• The Shard(London, UK by Renzo Piano): Double-skin facade features 11,000 specially designed glass panels (including a single-glazed outer layer and double-glazed inner layer, along with a ventilated inner cavity), along with its own on-site combined heat and power (CHP) plant which helps reduce transmission losses. The 306-metre tower also features automated blinds to minimize solar heat gain, requires 30 percent less energy than a typical tall building, and 95 percent of its construction materials came from recycled sources. Built in 2009.
  • Shanghai Tower(Shanghai, China by Gensler): The world’s second tallest building was built in 2015 and contains dozens of different sustainable technologies including rooftop wind turbines, rainwater collection, and a double-skin facade, amounting to a reduction of 34,000 metric tons in its annual carbon footprint. Its unique and aerodynamic twist-shape design also reduces wind load by up to 24 percent, a building innovation which saved around 20,000 metric tons of steel during its construction.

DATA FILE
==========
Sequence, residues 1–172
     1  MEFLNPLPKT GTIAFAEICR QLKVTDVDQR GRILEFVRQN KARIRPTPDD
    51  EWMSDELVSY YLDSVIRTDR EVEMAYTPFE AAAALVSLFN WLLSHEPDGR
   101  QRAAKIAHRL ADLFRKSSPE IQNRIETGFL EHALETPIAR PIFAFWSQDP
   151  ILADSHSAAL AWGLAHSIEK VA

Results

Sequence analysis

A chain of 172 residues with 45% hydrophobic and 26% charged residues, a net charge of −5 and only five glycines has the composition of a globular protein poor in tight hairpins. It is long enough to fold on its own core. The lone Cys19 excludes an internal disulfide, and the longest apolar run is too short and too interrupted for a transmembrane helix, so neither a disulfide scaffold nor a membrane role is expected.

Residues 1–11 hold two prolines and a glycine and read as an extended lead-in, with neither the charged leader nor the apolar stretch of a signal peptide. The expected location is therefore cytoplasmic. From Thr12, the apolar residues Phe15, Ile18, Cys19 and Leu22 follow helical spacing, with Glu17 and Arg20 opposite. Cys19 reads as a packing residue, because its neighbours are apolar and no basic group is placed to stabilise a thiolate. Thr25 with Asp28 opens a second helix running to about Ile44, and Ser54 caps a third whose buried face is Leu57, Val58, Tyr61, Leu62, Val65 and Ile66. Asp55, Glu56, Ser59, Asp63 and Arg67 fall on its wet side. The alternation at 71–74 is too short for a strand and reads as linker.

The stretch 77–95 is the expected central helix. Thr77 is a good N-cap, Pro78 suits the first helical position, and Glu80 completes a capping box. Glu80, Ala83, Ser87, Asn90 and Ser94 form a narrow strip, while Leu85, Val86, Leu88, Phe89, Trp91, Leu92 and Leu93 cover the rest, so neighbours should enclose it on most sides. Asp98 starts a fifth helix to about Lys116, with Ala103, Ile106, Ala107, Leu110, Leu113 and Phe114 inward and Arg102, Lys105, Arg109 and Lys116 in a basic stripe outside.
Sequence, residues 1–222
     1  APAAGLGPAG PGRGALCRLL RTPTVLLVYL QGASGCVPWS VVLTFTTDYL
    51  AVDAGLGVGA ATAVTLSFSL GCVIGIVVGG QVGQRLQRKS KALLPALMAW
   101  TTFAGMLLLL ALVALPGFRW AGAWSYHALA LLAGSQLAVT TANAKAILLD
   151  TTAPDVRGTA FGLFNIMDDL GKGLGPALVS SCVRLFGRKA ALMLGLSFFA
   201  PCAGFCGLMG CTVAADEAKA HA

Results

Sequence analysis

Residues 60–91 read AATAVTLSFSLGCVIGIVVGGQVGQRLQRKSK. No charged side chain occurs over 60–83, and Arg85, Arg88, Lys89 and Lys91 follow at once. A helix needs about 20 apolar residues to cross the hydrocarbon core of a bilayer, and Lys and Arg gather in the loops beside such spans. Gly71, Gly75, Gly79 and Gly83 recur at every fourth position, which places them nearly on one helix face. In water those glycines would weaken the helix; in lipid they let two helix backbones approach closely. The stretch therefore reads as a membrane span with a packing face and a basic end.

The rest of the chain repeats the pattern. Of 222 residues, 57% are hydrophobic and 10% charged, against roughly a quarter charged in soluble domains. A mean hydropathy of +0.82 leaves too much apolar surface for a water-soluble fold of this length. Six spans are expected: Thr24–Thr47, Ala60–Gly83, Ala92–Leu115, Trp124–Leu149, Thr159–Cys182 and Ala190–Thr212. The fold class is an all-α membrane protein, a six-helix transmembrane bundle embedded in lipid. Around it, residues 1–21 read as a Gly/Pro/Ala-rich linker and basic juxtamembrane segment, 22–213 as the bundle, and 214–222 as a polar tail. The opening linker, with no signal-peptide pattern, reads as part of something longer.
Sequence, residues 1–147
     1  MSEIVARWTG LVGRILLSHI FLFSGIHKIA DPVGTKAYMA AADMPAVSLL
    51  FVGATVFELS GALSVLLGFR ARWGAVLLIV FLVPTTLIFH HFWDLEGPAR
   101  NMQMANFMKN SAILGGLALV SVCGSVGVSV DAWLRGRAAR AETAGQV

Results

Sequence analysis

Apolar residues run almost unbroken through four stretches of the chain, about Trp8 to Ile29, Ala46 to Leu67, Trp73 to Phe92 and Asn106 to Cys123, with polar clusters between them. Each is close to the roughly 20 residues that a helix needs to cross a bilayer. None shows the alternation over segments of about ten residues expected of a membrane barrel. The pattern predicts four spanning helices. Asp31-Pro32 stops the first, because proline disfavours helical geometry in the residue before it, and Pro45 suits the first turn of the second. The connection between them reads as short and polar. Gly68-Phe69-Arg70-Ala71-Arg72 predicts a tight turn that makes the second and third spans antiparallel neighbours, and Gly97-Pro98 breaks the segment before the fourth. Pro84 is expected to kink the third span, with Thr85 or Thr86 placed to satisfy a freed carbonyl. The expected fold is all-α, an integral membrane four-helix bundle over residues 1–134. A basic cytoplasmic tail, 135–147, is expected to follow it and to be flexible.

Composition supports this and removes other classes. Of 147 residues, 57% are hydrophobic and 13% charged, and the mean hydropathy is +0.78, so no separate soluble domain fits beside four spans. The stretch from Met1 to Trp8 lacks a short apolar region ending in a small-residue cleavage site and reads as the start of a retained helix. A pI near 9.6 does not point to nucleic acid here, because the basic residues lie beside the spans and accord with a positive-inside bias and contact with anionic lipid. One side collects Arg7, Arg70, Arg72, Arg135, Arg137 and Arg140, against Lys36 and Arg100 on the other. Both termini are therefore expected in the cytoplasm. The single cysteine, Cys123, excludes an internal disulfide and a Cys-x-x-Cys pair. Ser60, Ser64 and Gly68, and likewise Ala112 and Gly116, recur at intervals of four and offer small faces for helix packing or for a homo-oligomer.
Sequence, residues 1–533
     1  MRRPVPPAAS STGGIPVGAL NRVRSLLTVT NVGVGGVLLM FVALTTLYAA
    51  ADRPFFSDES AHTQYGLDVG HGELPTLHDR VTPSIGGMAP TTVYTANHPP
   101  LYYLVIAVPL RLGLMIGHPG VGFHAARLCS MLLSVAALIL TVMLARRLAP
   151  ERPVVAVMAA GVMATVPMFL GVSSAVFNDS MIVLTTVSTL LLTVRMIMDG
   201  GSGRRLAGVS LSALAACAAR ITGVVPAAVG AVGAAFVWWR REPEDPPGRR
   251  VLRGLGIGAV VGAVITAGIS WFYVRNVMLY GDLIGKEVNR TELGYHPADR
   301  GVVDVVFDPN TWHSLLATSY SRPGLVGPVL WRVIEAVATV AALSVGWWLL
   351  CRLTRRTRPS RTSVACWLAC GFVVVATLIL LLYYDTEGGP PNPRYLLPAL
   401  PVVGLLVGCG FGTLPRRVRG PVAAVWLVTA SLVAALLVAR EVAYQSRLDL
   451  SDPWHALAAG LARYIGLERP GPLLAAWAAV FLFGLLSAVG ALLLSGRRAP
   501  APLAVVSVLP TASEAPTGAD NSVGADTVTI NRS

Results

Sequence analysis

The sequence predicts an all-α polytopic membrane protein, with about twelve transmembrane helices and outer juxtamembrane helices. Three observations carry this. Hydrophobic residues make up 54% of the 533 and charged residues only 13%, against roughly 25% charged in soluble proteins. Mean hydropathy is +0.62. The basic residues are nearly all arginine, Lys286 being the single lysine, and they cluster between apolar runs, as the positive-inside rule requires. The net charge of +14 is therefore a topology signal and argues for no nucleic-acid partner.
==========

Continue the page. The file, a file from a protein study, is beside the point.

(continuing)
Meet and exceed green building standards with the right products

LEED and other green building certifications are much easier to achieve with the right building materials and approaches. Several Unicel Architectural products help reduce energy consumption in support of LEED certification requirements, including Vision Control® advanced louvered glazing technology and RAICO timber curtain wall systems.

Vision Control® insulating glass units with built-in louvers, in particular, can contribute to up to 31 LEED certification credits because they control heat flow resulting from conduction and solar exposure. In exterior applications, Vision Control provides significant thermal performance and substantial energy savings. Vision Control can be used in interior/exterior windows, skylights, swing/sliding doors, and curtain walls.